Orion’s Autumn 2020 issue includes a booklet of spells written by Robert Macfarlane and illustrated by Jackie Morris, as part of The Lost Spells, recently published as a follow-up to their previous collaborative sensation, The Lost Words.
Our readers were so enthralled by the illustrations that we decided to offer a select group of subscribers a sneak peek of The Lost Spells, then asked them to send us their questions. Here are five of our favorites, answered by Jackie Morris.
“Even more so than in The Lost Words, this new book seems intent on asking us to imagine the real loss of many of these marvelous creatures and beings—most explicitly in ‘Goldfinch’ and ‘Heartwood.’ I wonder why you chose to conjure this so much more directly in this work of spells?”
For me there was an urgent need for this loss to be taken seriously. Imagination is a curious thing. We imagine monsters. We scare ourselves. People love horror movies, but it is hard to really imagine real loss. It’s hard to see those flocks diminishing year after year. When I was a child, this time of year thrilled me with the dancing flap of lapwing flocks. My father’s eyes would feast on flocks of hundreds. Now sometimes I see twenty. Sometimes only one.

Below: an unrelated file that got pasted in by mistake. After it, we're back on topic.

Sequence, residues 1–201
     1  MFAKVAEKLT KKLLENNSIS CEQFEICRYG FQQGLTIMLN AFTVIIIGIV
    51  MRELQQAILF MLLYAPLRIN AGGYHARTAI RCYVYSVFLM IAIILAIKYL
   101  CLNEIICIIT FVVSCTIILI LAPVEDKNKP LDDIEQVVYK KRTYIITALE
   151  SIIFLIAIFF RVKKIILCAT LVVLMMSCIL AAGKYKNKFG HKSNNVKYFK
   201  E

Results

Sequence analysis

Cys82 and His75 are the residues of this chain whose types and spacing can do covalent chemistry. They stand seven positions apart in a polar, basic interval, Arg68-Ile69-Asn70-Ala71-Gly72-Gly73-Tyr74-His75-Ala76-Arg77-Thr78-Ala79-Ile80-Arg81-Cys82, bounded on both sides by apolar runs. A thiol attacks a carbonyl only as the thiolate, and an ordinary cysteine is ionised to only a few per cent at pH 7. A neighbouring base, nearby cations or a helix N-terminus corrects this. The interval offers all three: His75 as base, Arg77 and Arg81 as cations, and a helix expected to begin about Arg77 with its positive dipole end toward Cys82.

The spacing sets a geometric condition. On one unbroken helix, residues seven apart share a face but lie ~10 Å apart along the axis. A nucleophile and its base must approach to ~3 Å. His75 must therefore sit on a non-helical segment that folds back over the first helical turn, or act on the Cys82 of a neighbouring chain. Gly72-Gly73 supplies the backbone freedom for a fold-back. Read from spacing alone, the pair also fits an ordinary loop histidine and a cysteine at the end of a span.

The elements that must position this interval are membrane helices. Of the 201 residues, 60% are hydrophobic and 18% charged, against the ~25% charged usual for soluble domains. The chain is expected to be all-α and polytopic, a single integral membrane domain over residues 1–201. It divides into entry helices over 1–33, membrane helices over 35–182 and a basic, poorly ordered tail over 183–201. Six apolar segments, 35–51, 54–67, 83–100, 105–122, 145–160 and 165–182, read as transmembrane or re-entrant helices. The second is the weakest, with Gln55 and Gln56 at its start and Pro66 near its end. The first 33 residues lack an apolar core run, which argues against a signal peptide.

For me, this loss is the true horror story. And yet I don’t wish to terrify people. Rather, I seek to inspire in them the wonder of nearby wilds, to put into the hands of children a tool they might use to reawaken that childlike wonder in their parents. Because everything begins with the imagination. We cannot continue to pretend that everything will be okay. We need to imagine better ways to live, to put life before economics, to see the problem and make a change—more so now than ever.
“I was interested in the inclusion of ‘Moths’ and would be interested in learning more about why you two chose them. How did you come to appreciate them? Was it as a child or did it come later in life? I had never thought about (or said) their names before. How did you come to appreciate the mystery in their names and texture? Was it through a scientific study or more organically?”